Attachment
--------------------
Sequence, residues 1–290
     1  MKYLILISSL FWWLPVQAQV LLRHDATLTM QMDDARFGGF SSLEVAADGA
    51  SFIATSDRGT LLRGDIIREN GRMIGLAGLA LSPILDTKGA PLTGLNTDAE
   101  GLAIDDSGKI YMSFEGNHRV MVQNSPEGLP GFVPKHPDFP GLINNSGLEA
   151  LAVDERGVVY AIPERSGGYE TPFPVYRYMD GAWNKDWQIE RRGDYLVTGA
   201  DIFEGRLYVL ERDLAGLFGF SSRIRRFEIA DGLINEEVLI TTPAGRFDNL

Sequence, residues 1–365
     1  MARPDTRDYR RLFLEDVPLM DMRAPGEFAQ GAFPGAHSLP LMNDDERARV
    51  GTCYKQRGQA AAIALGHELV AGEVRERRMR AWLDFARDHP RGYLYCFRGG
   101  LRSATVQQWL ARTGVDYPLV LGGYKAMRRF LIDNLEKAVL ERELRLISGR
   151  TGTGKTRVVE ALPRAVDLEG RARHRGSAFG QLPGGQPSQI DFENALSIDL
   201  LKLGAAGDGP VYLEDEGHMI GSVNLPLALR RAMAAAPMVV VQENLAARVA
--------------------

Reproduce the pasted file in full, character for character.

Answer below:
Sequence, residues 1–290
     1  MKYLILISSL FWWLPVQAQV LLRHDATLTM QMDDARFGGF SSLEVAADGA
    51  SFIATSDRGT LLRGDIIREN GRMIGLAGLA LSPILDTKGA PLTGLNTDAE
   101  GLAIDDSGKI YMSFEGNHRV MVQNSPEGLP GFVPKHPDFP GLINNSGLEA
   151  LAVDERGVVY AIPERSGGYE TPFPVYRYMD GAWNKDWQIE RRGDYLVTGA
   201  DIFEGRLYVL ERDLAGLFGF SSRIRRFEIA DGLINEEVLI TTPAGRFDNL

Sequence, residues 1–365
     1  MARPDTRDYR RLFLEDVPLM DMRAPGEFAQ GAFPGAHSLP LMNDDERARV
    51  GTCYKQRGQA AAIALGHELV AGEVRERRMR AWLDFARDHP RGYLYCFRGG
   101  LRSATVQQWL ARTGVDYPLV LGGYKAMRRF LIDNLEKAVL ERELRLISGR
   151  TGTGKTRVVE ALPRAVDLEG RARHRGSAFG QLPGGQPSQI DFENALSIDL
   201  LKLGAAGDGP VYLEDEGHMI GSVNLPLALR RAMAAAPMVV VQENLAARVA